My Italian husband balks at food that isn’t red or green. When I brought him to his first Polish Christmas Eve supper, he looked at our food, exclaiming, “Everything is brown!” We surveyed the landscape of our table — a sable sea of black mushroom soup steaming in Grandmom’s tureen, an amber knoll of sizzling pierogi, a tawny marsh of kapusta, a russet hill of fried smelts and on the sideboard, golden pyramids and snowcapped mountains of cookies and said “So?”
Whether you’re of Polish, German, Italian or any European background, chances are you share the same custom of a meatless Christmas Eve dinner. Italians call it Night of the Seven Fishes or Vigilia. Poles call it Wigilia (vee-ghee-LEE-a) for vigil.
Vigil has a history that predates Christmas by many centuries. Falling on winter solstice, it honored the Roman god of agriculture, Saturn, whose fairness inspired forgiveness and sharing. The word “companion” is derived from the Latin — with bread — and illustrates a custom unique to Poles.
The hostess greets you on Wigilia with Oplatek, a flat bread wafer. You share it with other guests and family, signifying that none of you will let the others go hungry in the coming year. Whether Poles live in Bisbee, Brisbane or Bialystock, they mail the wafer to each other to stay in communion with far away loved ones.
As if mindful of the snow that blanketed Bethlehem that first night of the Christian era, milky damask covers Polish Wigilia tables. Tucked beneath the cloth, strands of hay symbolize the manger. Icy silverware and crystal stemware spike each place setting. Your senses, rattled perhaps by last minute shopping and preparations, are assuaged as you run a fingernail across the crisp cloth to release the comforting aroma of boiled starch. There is always a moment before the meal is lain as silent and thoughtful as the last swirls of a snowfall.
Supper begins when the youngest children, called the Starwatchers, sight the first star. They yell “Jest, jest,” (is, is) and the kitchen bustle goes from simmer to roiling boil.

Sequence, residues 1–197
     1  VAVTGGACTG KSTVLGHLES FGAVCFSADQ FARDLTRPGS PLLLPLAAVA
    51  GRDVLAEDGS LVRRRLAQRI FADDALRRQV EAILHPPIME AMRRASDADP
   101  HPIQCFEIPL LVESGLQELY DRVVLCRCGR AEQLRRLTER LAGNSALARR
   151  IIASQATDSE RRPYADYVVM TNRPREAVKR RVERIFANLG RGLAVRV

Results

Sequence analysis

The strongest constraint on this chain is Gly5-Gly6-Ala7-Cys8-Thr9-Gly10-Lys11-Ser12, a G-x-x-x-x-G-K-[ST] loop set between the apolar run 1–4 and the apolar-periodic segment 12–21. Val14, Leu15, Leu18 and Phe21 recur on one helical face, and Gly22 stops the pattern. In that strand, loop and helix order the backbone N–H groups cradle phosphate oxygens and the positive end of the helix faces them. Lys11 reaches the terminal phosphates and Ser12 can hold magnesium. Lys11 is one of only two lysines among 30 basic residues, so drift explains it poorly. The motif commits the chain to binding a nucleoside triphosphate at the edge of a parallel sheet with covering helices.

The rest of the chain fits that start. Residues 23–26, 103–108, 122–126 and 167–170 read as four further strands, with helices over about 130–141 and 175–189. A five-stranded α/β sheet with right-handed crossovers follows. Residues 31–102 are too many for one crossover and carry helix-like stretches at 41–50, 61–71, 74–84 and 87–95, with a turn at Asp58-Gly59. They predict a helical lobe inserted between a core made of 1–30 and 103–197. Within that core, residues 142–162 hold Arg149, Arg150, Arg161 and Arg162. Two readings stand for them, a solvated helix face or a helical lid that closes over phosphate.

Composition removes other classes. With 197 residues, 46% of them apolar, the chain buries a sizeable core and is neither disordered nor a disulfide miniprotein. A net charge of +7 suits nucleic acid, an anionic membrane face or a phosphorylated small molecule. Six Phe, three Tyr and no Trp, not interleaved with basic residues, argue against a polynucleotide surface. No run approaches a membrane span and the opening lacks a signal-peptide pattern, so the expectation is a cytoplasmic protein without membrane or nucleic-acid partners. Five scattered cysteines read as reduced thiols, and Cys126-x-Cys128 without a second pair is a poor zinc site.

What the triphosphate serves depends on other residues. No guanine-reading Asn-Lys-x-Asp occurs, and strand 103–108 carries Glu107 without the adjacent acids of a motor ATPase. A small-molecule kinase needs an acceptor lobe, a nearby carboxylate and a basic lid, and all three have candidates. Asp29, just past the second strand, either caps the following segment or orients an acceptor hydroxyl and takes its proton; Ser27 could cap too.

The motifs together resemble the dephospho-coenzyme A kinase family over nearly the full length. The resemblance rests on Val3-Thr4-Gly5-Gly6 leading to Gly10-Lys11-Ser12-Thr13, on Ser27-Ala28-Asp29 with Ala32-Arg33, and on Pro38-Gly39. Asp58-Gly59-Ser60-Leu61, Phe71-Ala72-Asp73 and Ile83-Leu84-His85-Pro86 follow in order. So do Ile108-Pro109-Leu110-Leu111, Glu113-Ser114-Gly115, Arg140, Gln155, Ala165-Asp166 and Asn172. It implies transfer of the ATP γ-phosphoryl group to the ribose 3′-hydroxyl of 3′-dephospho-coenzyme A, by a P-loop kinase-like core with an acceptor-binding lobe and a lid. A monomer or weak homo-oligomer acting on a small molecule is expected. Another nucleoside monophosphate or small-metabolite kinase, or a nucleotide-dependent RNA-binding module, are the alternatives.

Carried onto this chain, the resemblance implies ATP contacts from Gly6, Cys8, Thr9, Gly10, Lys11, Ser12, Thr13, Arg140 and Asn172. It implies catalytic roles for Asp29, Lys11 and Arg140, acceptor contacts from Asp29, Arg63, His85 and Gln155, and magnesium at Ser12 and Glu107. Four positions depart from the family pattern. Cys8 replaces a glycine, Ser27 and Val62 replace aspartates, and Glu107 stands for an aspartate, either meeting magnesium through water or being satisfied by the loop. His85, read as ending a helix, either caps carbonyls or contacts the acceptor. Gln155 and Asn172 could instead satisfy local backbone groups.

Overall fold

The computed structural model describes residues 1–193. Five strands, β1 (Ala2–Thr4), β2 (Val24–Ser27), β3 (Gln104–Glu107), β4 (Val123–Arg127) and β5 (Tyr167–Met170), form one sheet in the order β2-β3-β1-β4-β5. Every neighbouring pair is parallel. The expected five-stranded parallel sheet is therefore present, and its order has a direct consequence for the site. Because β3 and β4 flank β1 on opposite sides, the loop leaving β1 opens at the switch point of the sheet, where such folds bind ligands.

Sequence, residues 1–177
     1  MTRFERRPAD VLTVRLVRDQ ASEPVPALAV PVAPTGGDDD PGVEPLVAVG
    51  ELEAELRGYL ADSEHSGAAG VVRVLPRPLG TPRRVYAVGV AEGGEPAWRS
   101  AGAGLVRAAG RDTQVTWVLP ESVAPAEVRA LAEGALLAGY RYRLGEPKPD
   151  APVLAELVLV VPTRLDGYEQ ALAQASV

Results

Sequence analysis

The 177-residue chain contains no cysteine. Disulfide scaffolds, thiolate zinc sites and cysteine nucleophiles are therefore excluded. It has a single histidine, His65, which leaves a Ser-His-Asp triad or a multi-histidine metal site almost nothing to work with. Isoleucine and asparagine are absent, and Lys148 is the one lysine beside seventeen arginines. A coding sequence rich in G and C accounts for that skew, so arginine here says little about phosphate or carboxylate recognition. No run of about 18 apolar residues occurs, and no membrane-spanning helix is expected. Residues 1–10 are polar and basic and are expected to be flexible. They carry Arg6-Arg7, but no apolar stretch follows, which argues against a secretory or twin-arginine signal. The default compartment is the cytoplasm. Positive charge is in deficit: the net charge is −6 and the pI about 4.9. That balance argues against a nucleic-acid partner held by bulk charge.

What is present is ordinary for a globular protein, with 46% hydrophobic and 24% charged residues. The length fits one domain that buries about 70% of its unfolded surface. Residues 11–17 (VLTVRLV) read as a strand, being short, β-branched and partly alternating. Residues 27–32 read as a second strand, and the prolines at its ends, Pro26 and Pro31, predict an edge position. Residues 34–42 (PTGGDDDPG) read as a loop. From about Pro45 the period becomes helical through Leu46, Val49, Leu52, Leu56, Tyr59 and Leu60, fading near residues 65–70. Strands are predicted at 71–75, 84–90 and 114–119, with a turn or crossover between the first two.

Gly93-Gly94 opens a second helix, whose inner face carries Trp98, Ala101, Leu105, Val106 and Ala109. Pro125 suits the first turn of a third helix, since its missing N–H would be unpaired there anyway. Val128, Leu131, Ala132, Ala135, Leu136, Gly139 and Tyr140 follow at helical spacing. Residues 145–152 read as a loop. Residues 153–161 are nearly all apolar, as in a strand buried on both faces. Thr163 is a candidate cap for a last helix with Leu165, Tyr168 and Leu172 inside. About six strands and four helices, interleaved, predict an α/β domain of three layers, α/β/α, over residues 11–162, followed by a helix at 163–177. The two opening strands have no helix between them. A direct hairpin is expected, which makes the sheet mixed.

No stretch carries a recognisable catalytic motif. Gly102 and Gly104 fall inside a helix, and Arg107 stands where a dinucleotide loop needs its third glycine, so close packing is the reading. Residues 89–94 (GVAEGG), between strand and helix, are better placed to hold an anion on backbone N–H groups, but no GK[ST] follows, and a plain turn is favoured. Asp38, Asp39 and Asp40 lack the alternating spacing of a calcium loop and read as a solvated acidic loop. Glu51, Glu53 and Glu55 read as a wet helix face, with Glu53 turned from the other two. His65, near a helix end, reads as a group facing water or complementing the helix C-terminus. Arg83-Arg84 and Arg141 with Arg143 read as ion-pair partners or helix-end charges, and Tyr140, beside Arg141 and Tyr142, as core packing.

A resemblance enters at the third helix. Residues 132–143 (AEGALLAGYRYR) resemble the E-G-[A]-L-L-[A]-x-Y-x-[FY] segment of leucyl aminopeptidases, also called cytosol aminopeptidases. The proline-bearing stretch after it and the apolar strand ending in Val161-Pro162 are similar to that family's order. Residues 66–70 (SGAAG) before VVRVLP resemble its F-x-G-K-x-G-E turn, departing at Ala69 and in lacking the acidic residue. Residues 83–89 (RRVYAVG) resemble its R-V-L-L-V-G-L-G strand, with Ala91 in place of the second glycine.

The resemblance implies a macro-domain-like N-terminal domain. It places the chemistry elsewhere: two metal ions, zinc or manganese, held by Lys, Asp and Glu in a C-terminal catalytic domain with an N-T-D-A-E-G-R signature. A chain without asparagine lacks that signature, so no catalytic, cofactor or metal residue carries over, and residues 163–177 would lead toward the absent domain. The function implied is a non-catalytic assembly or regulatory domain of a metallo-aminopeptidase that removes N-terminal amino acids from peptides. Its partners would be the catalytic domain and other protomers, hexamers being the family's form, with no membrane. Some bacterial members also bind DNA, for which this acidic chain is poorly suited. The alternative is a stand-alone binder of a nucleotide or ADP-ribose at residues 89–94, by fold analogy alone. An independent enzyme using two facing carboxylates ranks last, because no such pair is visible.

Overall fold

Dried mushrooms gathered in Poland’s birch forests star in this meal. The best, Borowiki Bialy (bore-owe-VEE-kee bee-AH-wee), are white-capped mushrooms far more pungent and meaty-tasting than morels. And more dear too. Running about $100 per pound in the states, it’s no wonder Polish travelers hazard smuggling them back with them. Once, our aunt lined her girdle with plastic sheathing and stuffed two pounds of broken-up mushrooms into it. She flew back to JFK with them poking her ribs. They made the best soup we ever had.
In a train station in Poland’s Silesian Mountains one recent late summer, I saw dozens of flannel-shirted, unshaven men disembarking with heavy baskets. They were filled with a treasure of fresh mushrooms to be dried and strung for export or sold by the roadside. For $30 I successfully smuggled in about a $100 worth this year and we will make our soup and sauerkraut with them. I don’t know how good they will be. I just brought them over in my handbag. I don’t wear a girdle.
Depending on the region of Poland you come from, the meal must have seven, nine, eleven or even twelve dishes — the more, the better the year has been to you. If this sounds daunting, you don’t have to do the whole thing yourself. Busy working families can make an easy version of this meal with made ahead soup and smoked fishes, pickled herring, and homemade pierogi, kapusta and other holiday fixings, purchased from shops in Philadelphia’s Port Richmond section.